Passive Houses in Sweden. From Design to Evaluation of Four Demonstration Projects

University dissertation from Division of Energy and Building Design

Abstract: The use of energy is a major global issue both according to climate changes
but also in the aspect of national safety tied to the trade with energy sources.
Of the total energy use in the member states of the European Union, about
40% is used in residential and commercial buildings. Passive houses are
one way to reduce the energy use in buildings and at the same time keep
a good indoor comfort. The basic idea of the passive house concept is to
have well insulated and air tight climate shell together with a mechanical
ventilation system. Within this research, four Swedish passive house
projects have been followed from the early planning stage to evaluation
of the actual buildings; three apartment building projects in Värnamo,
Frillesås and Alingsås and one single-family house in Lidköping. Three of
the projects were new built and the fourth, in Alingsås, was a renovation
project. The research was funded by the Swedish Energy Agency and has
been a five year project. The main purpose with the study was to see how
energy efficient residential buildings, mainly passive houses, can be built
in Sweden and on a more widespread scale than before.
The total measured energy use for space heating, domestic hot water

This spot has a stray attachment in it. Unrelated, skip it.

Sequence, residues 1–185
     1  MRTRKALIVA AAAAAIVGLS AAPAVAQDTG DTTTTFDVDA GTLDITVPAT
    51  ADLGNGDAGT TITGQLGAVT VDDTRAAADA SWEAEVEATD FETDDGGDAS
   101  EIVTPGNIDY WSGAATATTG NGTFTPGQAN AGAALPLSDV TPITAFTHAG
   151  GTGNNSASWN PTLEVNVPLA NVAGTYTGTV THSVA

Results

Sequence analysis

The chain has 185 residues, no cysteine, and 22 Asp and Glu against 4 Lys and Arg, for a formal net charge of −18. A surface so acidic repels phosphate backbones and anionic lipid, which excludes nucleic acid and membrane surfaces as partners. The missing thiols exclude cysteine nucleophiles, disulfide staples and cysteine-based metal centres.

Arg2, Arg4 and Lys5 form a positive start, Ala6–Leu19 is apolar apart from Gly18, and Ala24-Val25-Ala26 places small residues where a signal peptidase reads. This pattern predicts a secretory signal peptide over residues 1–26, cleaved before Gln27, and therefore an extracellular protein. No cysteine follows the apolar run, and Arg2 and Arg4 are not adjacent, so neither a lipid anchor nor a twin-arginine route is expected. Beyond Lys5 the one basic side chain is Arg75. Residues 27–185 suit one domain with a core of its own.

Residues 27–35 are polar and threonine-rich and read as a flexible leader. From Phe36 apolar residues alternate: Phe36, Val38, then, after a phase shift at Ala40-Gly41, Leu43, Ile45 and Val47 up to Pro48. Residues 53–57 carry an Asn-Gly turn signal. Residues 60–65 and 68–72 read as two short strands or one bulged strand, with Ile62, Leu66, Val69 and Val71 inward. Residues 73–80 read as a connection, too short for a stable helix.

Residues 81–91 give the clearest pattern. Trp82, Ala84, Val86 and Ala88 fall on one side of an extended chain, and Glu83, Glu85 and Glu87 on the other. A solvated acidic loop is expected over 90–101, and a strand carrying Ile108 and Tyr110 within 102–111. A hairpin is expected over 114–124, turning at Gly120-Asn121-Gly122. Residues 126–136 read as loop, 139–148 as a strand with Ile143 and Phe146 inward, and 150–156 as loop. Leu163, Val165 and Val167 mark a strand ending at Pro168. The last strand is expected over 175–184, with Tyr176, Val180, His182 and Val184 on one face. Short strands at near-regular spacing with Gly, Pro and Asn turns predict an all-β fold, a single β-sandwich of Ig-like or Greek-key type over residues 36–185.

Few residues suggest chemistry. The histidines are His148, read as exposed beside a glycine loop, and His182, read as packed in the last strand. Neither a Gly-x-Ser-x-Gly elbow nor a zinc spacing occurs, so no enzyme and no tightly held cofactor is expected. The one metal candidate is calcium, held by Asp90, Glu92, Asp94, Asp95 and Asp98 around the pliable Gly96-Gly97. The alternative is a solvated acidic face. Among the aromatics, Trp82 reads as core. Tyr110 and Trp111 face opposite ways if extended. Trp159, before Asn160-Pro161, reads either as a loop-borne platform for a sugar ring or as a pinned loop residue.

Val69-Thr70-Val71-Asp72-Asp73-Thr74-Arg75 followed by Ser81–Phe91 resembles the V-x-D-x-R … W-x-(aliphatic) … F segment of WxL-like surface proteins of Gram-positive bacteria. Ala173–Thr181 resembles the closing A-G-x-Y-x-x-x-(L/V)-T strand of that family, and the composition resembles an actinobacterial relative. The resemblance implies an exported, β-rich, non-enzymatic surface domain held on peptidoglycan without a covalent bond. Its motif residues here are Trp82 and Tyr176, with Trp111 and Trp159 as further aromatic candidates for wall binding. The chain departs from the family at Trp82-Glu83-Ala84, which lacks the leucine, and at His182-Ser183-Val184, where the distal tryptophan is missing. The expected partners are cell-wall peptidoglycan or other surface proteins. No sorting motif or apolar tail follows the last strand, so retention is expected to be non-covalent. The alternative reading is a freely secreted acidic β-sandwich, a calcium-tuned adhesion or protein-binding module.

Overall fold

and common electricity was in Värnamo 36 kWh/m2a, in Frillesås 50.5
kWh/m2a, in Alingsås 65.7 kWh/m2a and in Lidköping 51 kWh/m2a,
revised to a normal year. The peak load for space heating is measured to
be somewhat higher than the required 10 W/m2 (12 W/m2 required in
the single family house).
Previous research shows that a ventilation air change rate of 0.5 ach
seems to be necessary in order to achieve a good indoor air quality. Simulations made in this research shows that not much energy is saved by
decreasing the ventilation rate below 0.5 ach and should be avoided to
assure a good indoor comfort.
Some products have been detected to be in need of development to
ease the building of passive houses in the future, e.g. easier used ventilation units, supply air devices suitable for space heating distribution and woodburning stoves with a power to the room of 1 – 3 kW.
There were some additional costs in these demonstration projects for
e.g. education, air-tight solutions and more expensive products which can be decreased in future projects when more suitable products are available
on the market and when the knowledge and experience of how to build
energy effi cient buildings is natural and well spread. The three clients of the apartment buildings have all continued with building new passive
houses or renovating according to the passive house principles after their
demonstration project was finished.